Chapter 19: Makua’s Mission

Mewtwo once said that people are like Pokémon, except that they do a lot more in between surviving and reproducing in order to survive and reproduce. It came from his Sayings of a Creation by Man. Often, Makua wondered what this particular quote meant. Animal behavior ensured that humans and Pokémon, both being sort of animals themselves, seek out ways to fulfill two things in life: survival and reproduction. What will humans do that Pokémon won’t?1

People kill. But Pokémon do too. Even Mewtwo himself did that. So what are these in between things? Makua wondered.

They left the forest in a blaze of light and arrived in Fuchsia City the same day. It was burning. All the trees cried out for water. The scent of death and destruction lingered in his nostrils. Apparently, the Safari Zone had been attacked and the Pokémon went crazy and struck back. Many of them escaped. A rather lively bunch made it to the forest and began causing trouble. According to Yumin, someone set fire to it in order to draw the Pokémon out again. They would do whatever was necessary in order to survive. And the humans were doing some in between stuff there that wasn’t survival or reproduction.1

Why? Why were the Viterals corralling Pokémon? Through all their talks and arguments neither Yumin nor Lyres seemed to know.

Makua stared out across the blending hues of purples and oranges throughout Fuchsia city. His brother would be here. Hopefully Kulow made it on his own, made it to the safety spot he and Makua had decided on. Each of the baby Eevee breathed silently in unclosed backpacks on the three members.

“They were trying to smoke us out.” Yumin began his early morning argument, most times with no remorse.

“Oh get over yourself,” Lyres replied. “No one gives two Hoothoots about us. Stop thinking that they do.”

“No one gives a Crabby about you,” Yumin said. “That part is right.”

They had been fighting like this since they met, or since Makua had the pleasure of traveling with them and he wondered when it would stop. He had surmised at least this much: Lyres was part of Team Rocket and Yumin was part of Team Crimson. These two organizations were at odds and in some eternal new dance, the Viterals chose both of them as their dance partners. Whenever it suited their fancy. Makua wondered if Bambi knew about her older brother. It would be a great blow to take something like that.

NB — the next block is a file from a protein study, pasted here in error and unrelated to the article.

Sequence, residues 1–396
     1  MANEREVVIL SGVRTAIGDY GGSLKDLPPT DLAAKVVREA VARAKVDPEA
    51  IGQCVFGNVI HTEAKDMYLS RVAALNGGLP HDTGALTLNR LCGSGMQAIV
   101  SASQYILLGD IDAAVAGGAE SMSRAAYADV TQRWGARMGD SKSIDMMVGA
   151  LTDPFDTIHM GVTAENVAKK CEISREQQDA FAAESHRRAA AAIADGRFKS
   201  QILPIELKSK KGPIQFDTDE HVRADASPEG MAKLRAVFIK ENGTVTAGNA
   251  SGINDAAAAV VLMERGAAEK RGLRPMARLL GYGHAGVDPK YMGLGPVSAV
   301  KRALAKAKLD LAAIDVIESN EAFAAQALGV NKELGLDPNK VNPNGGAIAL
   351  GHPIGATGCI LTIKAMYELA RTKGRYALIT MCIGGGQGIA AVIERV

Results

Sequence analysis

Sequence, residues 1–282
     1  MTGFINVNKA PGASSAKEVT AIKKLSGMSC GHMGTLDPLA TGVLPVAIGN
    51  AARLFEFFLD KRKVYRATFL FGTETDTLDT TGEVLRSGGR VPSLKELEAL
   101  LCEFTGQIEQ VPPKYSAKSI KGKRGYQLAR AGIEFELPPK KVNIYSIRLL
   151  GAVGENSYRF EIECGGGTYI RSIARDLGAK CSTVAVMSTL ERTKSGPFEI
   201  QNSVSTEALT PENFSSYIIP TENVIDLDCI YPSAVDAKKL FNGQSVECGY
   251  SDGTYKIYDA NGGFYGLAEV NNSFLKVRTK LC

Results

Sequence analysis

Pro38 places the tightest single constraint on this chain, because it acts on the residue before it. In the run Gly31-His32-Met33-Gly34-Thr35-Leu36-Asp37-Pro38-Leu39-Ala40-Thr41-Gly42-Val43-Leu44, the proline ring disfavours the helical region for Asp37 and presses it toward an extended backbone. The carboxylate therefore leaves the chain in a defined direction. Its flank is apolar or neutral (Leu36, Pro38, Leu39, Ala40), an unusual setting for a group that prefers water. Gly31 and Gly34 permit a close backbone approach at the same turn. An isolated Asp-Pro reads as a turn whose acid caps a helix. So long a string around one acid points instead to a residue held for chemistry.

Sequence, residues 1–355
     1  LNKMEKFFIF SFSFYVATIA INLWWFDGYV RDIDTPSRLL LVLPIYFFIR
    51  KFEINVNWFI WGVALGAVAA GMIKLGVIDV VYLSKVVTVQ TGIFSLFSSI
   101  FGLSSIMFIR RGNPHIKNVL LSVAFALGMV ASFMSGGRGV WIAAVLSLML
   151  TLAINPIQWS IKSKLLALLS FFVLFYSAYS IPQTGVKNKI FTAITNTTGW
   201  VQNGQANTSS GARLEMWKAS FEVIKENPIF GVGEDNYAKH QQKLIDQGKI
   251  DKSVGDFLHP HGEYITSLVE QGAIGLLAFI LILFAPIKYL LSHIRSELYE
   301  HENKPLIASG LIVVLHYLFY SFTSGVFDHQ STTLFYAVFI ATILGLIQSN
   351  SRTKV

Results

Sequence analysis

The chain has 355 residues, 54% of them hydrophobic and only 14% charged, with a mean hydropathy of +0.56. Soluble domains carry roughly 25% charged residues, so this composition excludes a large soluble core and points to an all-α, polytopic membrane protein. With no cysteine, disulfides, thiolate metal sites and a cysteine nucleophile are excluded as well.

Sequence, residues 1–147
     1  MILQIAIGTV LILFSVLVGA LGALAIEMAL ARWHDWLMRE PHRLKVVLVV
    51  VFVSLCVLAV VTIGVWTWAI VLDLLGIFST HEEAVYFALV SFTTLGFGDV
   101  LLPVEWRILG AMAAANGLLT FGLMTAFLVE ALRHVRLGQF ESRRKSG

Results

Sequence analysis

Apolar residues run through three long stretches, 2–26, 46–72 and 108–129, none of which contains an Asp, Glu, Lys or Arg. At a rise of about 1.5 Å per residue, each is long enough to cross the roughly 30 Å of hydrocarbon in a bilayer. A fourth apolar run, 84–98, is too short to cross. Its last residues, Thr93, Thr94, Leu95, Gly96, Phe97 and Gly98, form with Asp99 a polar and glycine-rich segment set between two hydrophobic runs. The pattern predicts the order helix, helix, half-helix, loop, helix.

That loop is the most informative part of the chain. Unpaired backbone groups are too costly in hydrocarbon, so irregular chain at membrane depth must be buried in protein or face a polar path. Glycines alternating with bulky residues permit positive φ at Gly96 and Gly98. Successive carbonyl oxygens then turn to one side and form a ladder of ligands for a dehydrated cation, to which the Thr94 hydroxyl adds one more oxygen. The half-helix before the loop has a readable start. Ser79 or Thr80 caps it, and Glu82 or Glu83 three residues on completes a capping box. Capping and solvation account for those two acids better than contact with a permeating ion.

“Even here, in a big city like Fuchsia the Pokémon roam wildly, like they don’t know what to do.”

“They’ve been mostly bred in captivity,” Yumin replied as though the answer to this were easy. “They don’t know what to do. They’re probably doing all they can just to avoid the Clamp Balls being thrown at them.”

In the past few days, Clamp Balls were mentioned a lot. Perhaps in the off chance that Lyres might feel bad for accepting what Yumin had given him in order to get his sister’s necklace back and return it to the man who had first scooped it up.

They had arrived under the cover of night after getting Skarmory and Braviary ready for flight again. They ran into some battles and some wild swarms of Beedrill and herds of Tauros, but they’d finally made it out. About half their total team could still fight.

“We can at least try the Pokémon Center,” Lyres suggested. “If the Viterals have it on lockdown they might allow normal citizens to use it.”

Makua looked around to study this new scene. Men in black clothes, cloaks, and suits walked about from one building to the next, their hands stiffly at their sides. Makua couldn’t see any Pokémon. They were either captured or had escaped at this point. No one seemed to be outside which made Makua, Yumin and Lyres stand out even more.